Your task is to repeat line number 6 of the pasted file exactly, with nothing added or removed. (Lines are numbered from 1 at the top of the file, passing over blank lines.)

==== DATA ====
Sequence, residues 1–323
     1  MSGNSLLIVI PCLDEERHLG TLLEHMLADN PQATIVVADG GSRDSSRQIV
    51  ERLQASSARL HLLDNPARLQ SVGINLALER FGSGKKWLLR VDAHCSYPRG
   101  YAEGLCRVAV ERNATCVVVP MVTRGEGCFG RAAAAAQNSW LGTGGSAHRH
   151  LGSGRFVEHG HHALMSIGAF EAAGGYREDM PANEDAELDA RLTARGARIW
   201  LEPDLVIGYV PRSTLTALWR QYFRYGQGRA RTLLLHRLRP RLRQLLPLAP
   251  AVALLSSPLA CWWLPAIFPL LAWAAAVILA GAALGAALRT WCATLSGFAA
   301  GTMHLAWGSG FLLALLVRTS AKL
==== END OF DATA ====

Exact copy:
   201  LEPDLVIGYV PRSTLTALWR QYFRYGQGRA RTLLLHRLRP RLRQLLPLAP